A common misconception among archers is that the right eye is kept closed to help focus the sight on the near target and bring it back to the far one. In reality, this does not occur. Instead, one of the eyes should permanently be shut for accurate shooting due to monocular cueing. Monocular cueing occurs when your dominant eye sends a signal through your optic nerve to your brain that creates a perception of depth.
This signal comprises all sorts of cues, such as angular perspective and convergence. When alternating between an open and a closed eye, monocular cues can create an optical illusion making it seem like sights are closer or further away than they are. The brain does not know the difference between sight A and sight B. It will always assume that they are the same distance away from you, thus causing inaccuracy.
How Shooting An Arrow With One Eye Closed Helps?
Both are functional even though you have one eye closed and one open. This is because our brain can easily distinguish between monocular depth cues with both eyes open. Therefore the trick is to concentrate on the monocular depth cues of your dominant eye and ignore the optical illusion of depth caused by alternating between eyes.
Since you are following your dominant eye’s perception, it is more likely to be more accurate than a mixed signal from both eyes working together. If there are no other objects to be seen, using both eyes will work just fine. Focus on the target as you typically would with two eyes to maintain visual control.
Eye Dominance Matter In Archery?
It is more critical for you to have depth perception than accuracy in a sport like archery. For archers, accuracy depends directly on the total vision. This is why most experienced archers and hunters prefer hunting with both eyes open. We close our dominant eye only because of optical illusion. We do not close our dominant eye to focus on the target.
Because we tend to shoot with our dominant eye open, it is more vital for us to focus on the monocular depth cues of that eye. Visual perception is very accurate for the dominant eye. Using both eyes could potentially miss out on one depth cue and end up with a wrong reading. We use only one eye as a monocular depth cue when shooting an arrow by closing the other. This allows us to have a positive depth perception of near and far targets while using only a single eye.
Can You Shoot An Arrow With Both Eyes Open?
It is possible to shoot an arrow with both eyes open, but it would be more than difficult because you will suffer from vision blur and loss of depth perception that results from monocular cues. If your dominant eye sees a potential target, shut off the other to shoot it accurately.
When releasing the arrow, frequent shooters tend to close both eyes because it is faster than opening them. People do this subconsciously, but in reality, they are not gaining anything. There is no difference between drinking from a cup with one hand or two hands from a time standpoint. Drinking from a cup with one hand does not give you extra time.
Benefits On Why Do Archers Close One Eye In Shooting
Because we use both eyes when shooting with one eye closed, it is essential to well-know the benefits of doing so. The eyes are vital physical organs that receive information that impacts every aspect of our lives. Here are some positives you can look for while hunting with both eyes open:
- Improves Accuracy
The most obvious benefit you can gain by fully opening your eyes as you shoot is better accuracy. Out of hundreds of archers shooting at the same target, only a few claim to have 0 percent missed, while two out of three archers with both eyes open have a lower percentage. In addition, various studies have proven that shooting with both eyes improves accuracy and helps hit targets more frequently.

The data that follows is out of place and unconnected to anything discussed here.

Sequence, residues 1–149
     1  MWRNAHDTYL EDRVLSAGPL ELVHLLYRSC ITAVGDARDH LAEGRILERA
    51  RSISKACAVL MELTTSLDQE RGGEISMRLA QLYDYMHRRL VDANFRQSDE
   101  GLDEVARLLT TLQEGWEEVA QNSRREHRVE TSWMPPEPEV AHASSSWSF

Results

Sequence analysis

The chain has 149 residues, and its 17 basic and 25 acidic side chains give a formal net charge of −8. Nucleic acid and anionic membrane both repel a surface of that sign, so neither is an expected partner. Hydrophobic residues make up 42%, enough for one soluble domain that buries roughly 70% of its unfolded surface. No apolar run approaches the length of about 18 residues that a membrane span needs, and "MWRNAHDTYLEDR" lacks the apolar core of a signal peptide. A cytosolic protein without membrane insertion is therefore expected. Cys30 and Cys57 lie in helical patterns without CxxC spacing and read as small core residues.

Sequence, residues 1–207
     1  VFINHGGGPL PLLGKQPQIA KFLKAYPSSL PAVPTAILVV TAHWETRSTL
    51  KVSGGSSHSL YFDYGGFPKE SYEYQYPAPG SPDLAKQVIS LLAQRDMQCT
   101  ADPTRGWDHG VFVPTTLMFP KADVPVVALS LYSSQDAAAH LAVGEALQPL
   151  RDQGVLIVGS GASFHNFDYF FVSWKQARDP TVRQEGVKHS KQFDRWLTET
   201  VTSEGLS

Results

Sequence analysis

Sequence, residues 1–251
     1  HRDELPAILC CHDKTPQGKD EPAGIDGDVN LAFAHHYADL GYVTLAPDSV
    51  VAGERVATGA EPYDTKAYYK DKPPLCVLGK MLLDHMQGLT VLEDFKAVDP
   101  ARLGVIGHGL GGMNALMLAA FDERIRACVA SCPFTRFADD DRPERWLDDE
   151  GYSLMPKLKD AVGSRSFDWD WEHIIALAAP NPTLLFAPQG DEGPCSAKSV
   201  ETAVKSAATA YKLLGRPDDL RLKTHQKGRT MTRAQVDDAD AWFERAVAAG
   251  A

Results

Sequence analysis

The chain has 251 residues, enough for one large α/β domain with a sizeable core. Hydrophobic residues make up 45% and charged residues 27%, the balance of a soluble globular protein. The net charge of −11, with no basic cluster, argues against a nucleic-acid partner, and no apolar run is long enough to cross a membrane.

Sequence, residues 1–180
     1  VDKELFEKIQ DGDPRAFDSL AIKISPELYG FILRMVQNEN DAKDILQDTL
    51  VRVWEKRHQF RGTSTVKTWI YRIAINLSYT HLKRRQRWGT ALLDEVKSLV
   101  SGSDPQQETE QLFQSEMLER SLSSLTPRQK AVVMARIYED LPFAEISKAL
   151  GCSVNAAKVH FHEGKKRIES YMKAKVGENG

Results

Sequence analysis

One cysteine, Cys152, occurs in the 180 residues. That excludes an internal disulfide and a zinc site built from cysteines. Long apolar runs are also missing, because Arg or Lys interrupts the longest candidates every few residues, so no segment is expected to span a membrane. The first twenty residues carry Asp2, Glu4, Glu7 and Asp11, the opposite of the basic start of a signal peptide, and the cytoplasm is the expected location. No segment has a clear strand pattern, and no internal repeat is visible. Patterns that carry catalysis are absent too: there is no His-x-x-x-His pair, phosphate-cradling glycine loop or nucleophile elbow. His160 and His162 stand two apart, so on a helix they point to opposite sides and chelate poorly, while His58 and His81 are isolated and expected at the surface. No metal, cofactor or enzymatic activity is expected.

- Better Depth Perception
Shooting with both eyes open gives you better depth perception. However, the inability to accurately assess distances usually leads to inaccurate shooting, especially when shooting distant targets. There are various types of depth perception, but monocular cues are the most commonly used. Monocular cues allow you to have a positive depth perception of a target and its surroundings even if one eye is closed.
- A More relaxed Viewing Position
Another great benefit of having both eyes open while aiming is your relaxed viewing position. This allows you to focus on other things besides the target because there is no need to concentrate on monocular cues anymore.
With both eyes open, your relaxed viewing position is no longer aimed at the target, but rather it is above or below the target. You can use this relaxed view to spot game and visible obstacles and prepare for possible last-minute shots.
- Are There Any Benefits Of Shooting With Single Open Eye?
There are no benefits of shooting with one eye open instead of both eyes open, yet it is not entirely useless either. One good reason to shoot with a single eye open is to gain full control over the bowstring. For example, if you must shoot the bowstring using one finger and thumb, shooting one eye open will give you better accuracy since the focus will be on the proper alignment of your other fingers and thumb.
You can also have better depth perception because your brain will more likely read depth cues from one eye than from both simultaneously. On top of this, monocular cueing makes for more precise aiming for distance shooting and hunting.
Shooting with two eyes will cause several problems for you, such as coordination and vision issues. Most right-handed archers close the right eye while shooting because it helps them make a better approach. However, you can try either of these positions at the end of the day, as long as you are comfortable with them.
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